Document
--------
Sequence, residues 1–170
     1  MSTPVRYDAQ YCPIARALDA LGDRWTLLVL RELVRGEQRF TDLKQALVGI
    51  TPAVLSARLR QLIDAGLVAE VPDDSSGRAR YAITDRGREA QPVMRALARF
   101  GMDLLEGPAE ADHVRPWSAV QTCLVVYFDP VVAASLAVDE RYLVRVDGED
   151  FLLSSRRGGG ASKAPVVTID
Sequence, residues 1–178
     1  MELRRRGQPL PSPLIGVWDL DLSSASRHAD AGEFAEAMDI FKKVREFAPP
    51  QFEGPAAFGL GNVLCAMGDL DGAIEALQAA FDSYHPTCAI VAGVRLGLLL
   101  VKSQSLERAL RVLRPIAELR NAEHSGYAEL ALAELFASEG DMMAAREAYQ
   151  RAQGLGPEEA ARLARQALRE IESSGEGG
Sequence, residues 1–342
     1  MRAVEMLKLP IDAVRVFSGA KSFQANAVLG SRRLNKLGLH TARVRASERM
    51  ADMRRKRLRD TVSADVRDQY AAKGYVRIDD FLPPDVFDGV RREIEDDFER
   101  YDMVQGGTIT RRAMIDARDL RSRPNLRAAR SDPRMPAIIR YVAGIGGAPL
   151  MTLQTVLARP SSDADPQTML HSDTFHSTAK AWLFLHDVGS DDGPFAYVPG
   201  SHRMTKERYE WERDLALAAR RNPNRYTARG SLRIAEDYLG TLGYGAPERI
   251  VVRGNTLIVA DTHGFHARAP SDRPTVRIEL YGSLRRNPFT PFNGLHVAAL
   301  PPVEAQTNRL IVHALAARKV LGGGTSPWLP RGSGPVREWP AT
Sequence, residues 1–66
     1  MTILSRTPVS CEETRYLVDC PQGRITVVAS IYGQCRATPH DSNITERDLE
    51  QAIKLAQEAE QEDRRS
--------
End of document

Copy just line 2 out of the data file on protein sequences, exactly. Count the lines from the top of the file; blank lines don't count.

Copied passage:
     1  MSTPVRYDAQ YCPIARALDA LGDRWTLLVL RELVRGEQRF TDLKQALVGI